Original Research

The imago Dei Weltanschauung as narrative motif within the Corinthian correspondence

Jacobus (Kobus) Kok, Walter P. Maqoma
Verbum et Ecclesia | Vol 37, No 1 | a1493 | DOI: https://doi.org/10.4102/ve.v37i1.1493 | © 2016 Jacobus (Kobus) Kok, Walter P. Maqoma | This work is licensed under CC Attribution 4.0
Submitted: 28 June 2015 | Published: 13 June 2016

About the author(s)

Jacobus (Kobus) Kok, Department of New Testament Studies, University of Pretoria, South Africa
Walter P. Maqoma, Department of New Testament Studies, University of Pretoria, South Africa


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Abstract

This article reflects on the doctrine of humanity to explore that God created humankind in his image and likeness, and this means that all human beings have an inherent capacity to know the difference between good and bad, and between right and wrong. Thus, all human beings have an innate ability to be ethical, as the God who created them is good, and so becomes the source of their ethics. This article title highlights the interrelationships between identity, ethics, and ethos. These three related analytical categories, within the New Testament, show the necessity for an interdisciplinary approach in treating questions of the origin of humanity. This article incorporates reflections in the studies of anthropology, philosophy, and theology and draws from the writings of Apostle Paul, in his Corinthian Correspondence, as he instructed them on how they ought to relate, and what would be their roles within the broader scope of God’s original intention for humanity. In this attempt, he made reference to the anthropological identity of the imago Dei, and he shows that the perfect expression of the imago Dei is Christ Jesus; thus, this is the image they ought to emulate. Therefore, this article investigates ‘The imago Dei weltanschauung as narrative motif within the Corinthian correspondence’.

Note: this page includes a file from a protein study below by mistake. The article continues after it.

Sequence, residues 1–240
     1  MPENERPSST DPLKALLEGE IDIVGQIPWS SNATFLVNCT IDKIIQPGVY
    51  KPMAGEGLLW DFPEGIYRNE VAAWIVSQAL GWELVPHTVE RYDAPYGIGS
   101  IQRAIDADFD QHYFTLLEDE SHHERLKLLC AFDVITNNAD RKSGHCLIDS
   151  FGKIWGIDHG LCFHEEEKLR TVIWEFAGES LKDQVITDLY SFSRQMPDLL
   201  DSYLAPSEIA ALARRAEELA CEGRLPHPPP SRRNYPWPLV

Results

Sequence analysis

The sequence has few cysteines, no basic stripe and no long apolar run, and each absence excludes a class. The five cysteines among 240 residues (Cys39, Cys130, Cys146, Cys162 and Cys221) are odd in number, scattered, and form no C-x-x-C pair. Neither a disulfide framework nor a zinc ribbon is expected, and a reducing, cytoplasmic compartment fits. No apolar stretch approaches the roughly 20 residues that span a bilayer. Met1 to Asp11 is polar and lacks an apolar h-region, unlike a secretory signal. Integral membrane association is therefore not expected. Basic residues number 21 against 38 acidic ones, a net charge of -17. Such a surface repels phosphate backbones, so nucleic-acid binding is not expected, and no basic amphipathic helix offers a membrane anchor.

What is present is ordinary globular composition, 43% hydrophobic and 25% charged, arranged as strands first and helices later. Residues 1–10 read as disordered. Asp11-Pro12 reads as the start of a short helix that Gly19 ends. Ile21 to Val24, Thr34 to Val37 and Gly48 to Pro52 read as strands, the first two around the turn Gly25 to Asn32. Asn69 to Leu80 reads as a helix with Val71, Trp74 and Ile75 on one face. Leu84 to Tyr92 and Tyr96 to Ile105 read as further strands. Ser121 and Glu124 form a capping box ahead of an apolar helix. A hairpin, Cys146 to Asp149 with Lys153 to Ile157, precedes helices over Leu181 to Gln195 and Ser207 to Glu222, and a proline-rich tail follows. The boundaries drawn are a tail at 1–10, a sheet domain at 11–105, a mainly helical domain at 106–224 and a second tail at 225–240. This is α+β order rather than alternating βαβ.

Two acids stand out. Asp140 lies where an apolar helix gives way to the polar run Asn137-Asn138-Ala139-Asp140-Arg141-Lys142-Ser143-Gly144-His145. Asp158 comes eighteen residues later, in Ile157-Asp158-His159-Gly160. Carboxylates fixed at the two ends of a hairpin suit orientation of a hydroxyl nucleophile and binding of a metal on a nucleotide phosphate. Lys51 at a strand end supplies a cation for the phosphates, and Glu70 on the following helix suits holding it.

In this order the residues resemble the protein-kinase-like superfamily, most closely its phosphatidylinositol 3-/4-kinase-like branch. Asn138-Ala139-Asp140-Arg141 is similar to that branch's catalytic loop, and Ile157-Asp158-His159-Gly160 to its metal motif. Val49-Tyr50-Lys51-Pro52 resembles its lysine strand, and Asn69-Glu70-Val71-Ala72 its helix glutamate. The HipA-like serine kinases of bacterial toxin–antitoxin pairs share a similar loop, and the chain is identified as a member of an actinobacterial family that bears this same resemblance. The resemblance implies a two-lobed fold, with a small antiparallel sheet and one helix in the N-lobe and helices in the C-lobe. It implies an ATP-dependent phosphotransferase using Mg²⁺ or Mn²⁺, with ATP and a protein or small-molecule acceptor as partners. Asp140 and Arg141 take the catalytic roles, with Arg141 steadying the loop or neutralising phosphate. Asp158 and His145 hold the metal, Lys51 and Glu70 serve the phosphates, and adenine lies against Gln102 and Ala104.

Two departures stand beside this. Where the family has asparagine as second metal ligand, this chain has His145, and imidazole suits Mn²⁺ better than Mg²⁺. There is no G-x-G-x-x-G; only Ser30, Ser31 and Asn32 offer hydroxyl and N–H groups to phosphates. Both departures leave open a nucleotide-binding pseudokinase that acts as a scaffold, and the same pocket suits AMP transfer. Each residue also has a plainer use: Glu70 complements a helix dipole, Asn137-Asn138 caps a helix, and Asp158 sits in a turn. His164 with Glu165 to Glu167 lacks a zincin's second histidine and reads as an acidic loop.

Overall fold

Intradisciplinary and/or interdisciplinary implications: This research gives the perspective of the presupposition of the imago Dei as presented in the New Testament as the framework of understanding ethics, as it appears within the formation of an anthropological horizon. In relation to accepting the message of the New Testament, this article shows how the imago Dei worldview underpins Pauline ethics and can serve as a framework of understanding an anthropological ethical paradigm.

Keywords: Imago Dei; Corinthian; Paul


Keywords

Imago Dei; Corinthian; Paul

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